Frequent visitors to Adelaide’s popular Central Market will be very familiar with the well-known and respected “Say Cheese” and “Smelly Cheese” shops found next to each other, near the escalators. Recently, I was fortunate enough to get a glimpse of the secret weapon that makes “The Smelly Cheese Shop” such a remarkable and important asset for Adelaide’s cheese lovers. We all know that the French are serious and passionate about their food, jealously guarding the appellations of their finest products and placing strict regulations around the production of them. Here, in Adelaide, there is a French woman who ensures that the great cheeses of France (and Italy, Switzerland, etc.) receive the kind of respect and care necessary to ensure that, when you buy one here, you will be enjoying it’s flavours in their prime and as close as possible to the way it’s maker intended.
Valerie Henbest, of “The Smelly Cheese Shop” presides over the only dedicated “maturing room” of it’s type, for cheese, in Australia. Many of the finest French cheeses are handed, by their makers, over to an Affineur who guides and supervises the aging process of the cheese in caves or maturing rooms. Reproducing the cave environment, the precisely engineered features of the room mean the temperature is kept static, the humidity is optimal and the air is rotated naturally without the use of fans or air-conditioners. The Smelly Cheese maturing room was developed in conjunction with Australian Affineur and foremost cheese maker Richard Thomas and the internationally famous ‘big cheese’ (I’m sorry, but I just couldn’t stop myself) of Affineurs, Herve Mons of France.
Tenderly cradling a large wheel of cheese, Valerie tells me that cheese is a living, changing food whose development is arrested by the normal process of being stored in a refrigerated cool room. A maturing room gives the product the chance to age gracefully, developing it’s full potential along the way. Further, like fine wine, fine cheese needs time to recover after traveling long distances by sea to get here and the maturing room serves as the ideal place for this process to take place.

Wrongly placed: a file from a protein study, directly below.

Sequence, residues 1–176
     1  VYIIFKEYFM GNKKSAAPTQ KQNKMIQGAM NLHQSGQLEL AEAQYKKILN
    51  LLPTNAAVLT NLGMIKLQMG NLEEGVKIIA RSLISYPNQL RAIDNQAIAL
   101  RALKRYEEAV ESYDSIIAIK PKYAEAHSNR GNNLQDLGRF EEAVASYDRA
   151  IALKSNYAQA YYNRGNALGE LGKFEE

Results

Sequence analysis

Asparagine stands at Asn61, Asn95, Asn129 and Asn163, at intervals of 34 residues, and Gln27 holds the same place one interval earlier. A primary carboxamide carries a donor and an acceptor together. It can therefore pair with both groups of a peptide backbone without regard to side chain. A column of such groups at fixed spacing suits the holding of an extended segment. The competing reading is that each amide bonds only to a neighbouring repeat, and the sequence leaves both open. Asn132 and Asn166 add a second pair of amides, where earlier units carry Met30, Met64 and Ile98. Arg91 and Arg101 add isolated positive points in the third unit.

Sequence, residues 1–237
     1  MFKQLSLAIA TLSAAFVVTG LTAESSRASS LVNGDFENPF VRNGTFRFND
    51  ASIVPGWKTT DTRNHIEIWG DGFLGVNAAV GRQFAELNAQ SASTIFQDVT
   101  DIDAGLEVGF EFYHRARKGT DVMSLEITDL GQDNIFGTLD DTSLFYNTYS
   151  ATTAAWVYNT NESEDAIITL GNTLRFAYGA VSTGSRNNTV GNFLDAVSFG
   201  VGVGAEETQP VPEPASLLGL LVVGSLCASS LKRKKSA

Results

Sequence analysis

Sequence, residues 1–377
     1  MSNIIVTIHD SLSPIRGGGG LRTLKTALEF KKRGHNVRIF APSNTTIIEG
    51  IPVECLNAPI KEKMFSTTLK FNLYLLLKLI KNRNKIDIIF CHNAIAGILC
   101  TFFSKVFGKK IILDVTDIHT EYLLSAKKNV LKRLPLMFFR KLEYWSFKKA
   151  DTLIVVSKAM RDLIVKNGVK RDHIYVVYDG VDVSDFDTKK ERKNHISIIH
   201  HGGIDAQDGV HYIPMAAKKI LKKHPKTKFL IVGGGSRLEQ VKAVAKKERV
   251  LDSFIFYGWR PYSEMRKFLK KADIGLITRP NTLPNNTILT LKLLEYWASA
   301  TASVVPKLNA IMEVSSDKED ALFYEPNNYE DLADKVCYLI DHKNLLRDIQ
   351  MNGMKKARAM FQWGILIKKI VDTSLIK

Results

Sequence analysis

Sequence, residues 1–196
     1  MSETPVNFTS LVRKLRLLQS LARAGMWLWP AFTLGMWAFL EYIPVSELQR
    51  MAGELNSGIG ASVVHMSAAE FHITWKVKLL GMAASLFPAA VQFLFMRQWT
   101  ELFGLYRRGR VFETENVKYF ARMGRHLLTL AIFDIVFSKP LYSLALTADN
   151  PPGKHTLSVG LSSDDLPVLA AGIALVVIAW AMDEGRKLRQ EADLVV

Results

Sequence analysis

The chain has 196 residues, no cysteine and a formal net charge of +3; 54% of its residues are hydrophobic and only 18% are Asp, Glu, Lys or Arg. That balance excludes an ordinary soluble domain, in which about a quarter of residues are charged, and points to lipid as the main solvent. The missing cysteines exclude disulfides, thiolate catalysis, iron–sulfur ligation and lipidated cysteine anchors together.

Valerie has her own Affineur-in-training who washes the cheeses with a brine solution and turns each one weekly. Different flavours can be impregnated into the cheeses by washing them in differing solutions, with some Affineurs using brandy or wine solutions to add flavour . Valerie also reports that they respond well to a little gentle singing! Imported hard cheeses (and some special local ones) spend a minimum of 3-4 weeks in the maturing room, with some taking up to 6 months to reach their peak and others maturing for as long as 24 months to develop their unique qualities. The room can hold approximately 5 tonnes of cheese – which represents a very significant investment in time and care.
The art of the Affineur is a very old tradition in France and it takes much time, skill and understanding to guide each cheese to it’s own level of perfection. The cheese boards of Adelaide are uniquely placed in Australia to take advantage of our own development of this French practice. And the next time you are enjoying a fine, imported, aged hard cheese – spare a thought for Valerie gently crooning to her beloved cheeses!